I believe I've exhausted the search on this topic - what I have found are just more questions.
Can Adobe please jump in with some advice on serving Socket Policy files when using SecureSocket's?
Or is there a link I've missed that addresses this topic that someone can share?
Ideally if the following KB from 2008 can be updated by Adobe with a working example, it will help the sure-to-be-growing-number-of-developers who'll be taking advantage of SecureSocket support for iOS as of Air 20: Setting up a socket policy file server | Adobe Developer Connection
Yeah, that socket server article is not very helpful. In practice, many socket servers are custom or proprietary, so there's no really useful how-to guide to write on that front.
Secure socket support gets a little more complex, as some browsers (Chrome) have more complicated handshakes than others for TLS, so your socket server needs to be able to negotiate multiple handshake styles, but that's not a Flash issue per-se.
In terms of the socket policies themselves, this is the best reference:
This whitepaper offers a more in-depth guide on policy files in general:
In short, the master socket policy file must be served from 843. This requirement exists, effectively to prove that you administer the domain. All it has to do is serve that response, so you don't necessarily need something complex to do that work.
The reasoning here (and this was all driven by research and real-world abuse), is that if any arbitrary port could set policies for all ports on the domain, that's highly problematic, if for instance, an attacker could exploit a weakness in one socket server that could then be used to escalate privileges to other socket-based services running on different ports on the same domain.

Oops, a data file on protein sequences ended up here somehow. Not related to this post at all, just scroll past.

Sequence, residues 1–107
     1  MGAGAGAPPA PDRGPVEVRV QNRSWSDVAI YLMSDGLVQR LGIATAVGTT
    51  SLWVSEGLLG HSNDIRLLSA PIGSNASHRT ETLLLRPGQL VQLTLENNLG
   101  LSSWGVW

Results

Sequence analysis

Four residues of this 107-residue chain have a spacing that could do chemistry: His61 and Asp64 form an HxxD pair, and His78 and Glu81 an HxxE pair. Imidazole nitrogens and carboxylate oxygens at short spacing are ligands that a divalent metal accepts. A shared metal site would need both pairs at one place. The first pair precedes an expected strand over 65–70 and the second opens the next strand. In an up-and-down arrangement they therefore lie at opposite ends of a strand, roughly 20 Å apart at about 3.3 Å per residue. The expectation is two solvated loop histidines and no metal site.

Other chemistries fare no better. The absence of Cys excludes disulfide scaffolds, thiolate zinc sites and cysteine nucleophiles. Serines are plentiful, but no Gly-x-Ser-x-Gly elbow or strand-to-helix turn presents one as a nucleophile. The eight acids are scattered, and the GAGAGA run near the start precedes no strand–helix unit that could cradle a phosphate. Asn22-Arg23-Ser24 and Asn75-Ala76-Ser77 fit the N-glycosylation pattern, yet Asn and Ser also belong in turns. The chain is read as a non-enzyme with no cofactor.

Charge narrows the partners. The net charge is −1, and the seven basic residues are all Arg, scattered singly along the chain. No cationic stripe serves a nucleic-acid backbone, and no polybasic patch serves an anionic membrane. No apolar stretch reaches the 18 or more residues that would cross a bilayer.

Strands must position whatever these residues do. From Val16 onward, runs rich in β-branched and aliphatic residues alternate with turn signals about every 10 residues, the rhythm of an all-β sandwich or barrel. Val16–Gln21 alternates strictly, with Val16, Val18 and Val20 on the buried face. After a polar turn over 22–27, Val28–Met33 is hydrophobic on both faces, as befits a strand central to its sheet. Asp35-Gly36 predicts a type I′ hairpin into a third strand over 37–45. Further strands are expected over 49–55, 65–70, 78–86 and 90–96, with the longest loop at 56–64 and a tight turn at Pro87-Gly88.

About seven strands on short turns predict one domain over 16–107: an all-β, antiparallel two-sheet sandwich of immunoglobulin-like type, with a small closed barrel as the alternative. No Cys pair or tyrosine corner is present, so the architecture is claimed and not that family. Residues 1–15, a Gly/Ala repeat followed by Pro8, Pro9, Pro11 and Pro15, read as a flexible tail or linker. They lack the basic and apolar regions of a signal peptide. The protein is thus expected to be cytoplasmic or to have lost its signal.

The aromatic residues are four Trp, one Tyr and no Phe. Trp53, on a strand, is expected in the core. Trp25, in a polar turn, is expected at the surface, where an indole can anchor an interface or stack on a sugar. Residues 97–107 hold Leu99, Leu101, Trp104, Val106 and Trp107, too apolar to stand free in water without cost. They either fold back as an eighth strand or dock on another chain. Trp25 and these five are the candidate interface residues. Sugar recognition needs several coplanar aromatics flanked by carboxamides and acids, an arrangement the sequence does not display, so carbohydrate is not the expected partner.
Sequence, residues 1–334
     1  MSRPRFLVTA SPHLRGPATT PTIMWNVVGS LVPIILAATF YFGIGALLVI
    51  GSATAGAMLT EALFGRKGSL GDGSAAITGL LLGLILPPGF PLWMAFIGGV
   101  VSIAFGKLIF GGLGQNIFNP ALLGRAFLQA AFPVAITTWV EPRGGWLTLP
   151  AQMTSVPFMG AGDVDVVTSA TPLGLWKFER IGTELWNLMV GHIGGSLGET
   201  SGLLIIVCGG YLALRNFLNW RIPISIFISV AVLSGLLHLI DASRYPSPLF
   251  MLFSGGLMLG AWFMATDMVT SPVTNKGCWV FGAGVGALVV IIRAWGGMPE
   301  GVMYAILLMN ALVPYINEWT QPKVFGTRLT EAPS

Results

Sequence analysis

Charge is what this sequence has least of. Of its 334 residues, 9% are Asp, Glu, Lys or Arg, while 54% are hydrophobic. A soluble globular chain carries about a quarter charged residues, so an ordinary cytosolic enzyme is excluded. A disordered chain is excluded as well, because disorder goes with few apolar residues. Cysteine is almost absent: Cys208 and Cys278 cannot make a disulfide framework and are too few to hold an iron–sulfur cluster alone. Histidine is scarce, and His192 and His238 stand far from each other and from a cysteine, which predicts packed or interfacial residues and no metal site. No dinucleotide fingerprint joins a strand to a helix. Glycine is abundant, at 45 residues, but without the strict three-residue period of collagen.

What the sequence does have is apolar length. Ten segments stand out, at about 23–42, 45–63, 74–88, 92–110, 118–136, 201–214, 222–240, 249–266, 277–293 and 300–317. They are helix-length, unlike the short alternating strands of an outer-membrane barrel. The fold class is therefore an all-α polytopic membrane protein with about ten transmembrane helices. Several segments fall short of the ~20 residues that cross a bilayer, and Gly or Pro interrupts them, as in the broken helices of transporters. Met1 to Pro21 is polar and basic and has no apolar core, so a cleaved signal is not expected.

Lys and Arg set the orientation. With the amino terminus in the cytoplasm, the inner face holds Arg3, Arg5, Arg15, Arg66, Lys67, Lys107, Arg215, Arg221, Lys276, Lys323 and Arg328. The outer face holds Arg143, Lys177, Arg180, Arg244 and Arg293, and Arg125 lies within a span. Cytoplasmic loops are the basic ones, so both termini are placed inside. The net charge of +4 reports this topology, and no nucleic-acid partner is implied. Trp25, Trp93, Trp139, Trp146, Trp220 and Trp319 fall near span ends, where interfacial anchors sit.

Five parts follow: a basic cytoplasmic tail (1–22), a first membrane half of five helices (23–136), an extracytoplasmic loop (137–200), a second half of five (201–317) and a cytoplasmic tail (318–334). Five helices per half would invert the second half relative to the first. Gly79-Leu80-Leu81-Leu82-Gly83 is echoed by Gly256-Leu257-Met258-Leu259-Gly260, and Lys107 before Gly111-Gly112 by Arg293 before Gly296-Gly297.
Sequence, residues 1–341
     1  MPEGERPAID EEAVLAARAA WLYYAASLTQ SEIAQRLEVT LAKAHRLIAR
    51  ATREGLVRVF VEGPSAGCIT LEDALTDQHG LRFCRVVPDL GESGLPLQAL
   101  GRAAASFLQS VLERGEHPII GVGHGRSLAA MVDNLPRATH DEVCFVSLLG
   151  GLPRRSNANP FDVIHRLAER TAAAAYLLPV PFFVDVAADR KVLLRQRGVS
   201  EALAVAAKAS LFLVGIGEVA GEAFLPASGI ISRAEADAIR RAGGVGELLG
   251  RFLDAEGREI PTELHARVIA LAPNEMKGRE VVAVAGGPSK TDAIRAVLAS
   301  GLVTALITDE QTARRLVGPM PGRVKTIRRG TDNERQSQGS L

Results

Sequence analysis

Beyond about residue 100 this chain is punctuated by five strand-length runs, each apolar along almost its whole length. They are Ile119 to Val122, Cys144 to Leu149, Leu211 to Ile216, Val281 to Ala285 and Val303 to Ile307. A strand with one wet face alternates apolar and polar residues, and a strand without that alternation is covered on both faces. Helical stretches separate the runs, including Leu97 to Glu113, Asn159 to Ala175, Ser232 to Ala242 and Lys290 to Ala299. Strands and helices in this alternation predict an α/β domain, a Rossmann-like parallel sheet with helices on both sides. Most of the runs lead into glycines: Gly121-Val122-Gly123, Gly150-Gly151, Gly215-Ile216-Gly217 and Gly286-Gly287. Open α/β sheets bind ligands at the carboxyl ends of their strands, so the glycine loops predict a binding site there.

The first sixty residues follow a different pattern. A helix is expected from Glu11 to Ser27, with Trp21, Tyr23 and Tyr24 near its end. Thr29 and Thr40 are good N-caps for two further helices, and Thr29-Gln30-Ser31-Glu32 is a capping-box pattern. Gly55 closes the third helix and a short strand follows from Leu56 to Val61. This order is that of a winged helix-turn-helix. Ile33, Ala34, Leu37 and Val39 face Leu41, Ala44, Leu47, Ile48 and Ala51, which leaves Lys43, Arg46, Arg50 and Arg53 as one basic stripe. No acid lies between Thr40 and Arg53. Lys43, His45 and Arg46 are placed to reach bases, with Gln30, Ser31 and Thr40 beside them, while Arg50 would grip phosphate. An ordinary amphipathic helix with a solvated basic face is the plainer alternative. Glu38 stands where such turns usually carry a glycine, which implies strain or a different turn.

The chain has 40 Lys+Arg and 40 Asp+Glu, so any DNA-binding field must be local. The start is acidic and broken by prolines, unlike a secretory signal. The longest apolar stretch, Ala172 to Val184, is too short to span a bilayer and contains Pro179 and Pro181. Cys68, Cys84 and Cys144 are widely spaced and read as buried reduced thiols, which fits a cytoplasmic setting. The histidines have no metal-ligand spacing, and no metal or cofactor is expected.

From the master policy, you can set the ability of other ports to serve their own port-specific policies (although in practice, I can't think of a good reason off the top of my head), but you *have* to serve up the master first.
So, if you wanted to allow Flash to access port 844 on your domain, you would probably want to do something like this on port 843:
<allow-access-from domain="mysite.com" to-ports="844">
At that point, if you need 844 to also serve a policy file to further tune behavior for that port, and you've allowed it in the master socket policy file served on 843, then we'll go on to request a second policy file from 844 and parse those directives as well.
Also, if you wanted to enforce that the SWF requesting access to port 844 had to be served to the client via HTTPS, then you would do this:
<allow-access-from domain="mysite.com" to-ports="844" secure=true>
That doesn't magically enable TLS on the socket, but it does ensure that the client SWF was served securely to the client. (i.e., there's no sense in encrypting the socket, if you can MITM the code interacting with the socket in the first place).
If you want to establish the socket connection over TLS, then you need to make the socket request using the SecureSocket class, at which point I think it still requests the policy of 843, but will fail if it can't complete a TLS handshake as part of that request (so both 843 and the target port would need to be able to handle TLS negotiation for that domain).
Hope that helps clarify things.
This is a great help, thank you for taking the time to respond, much appreciated!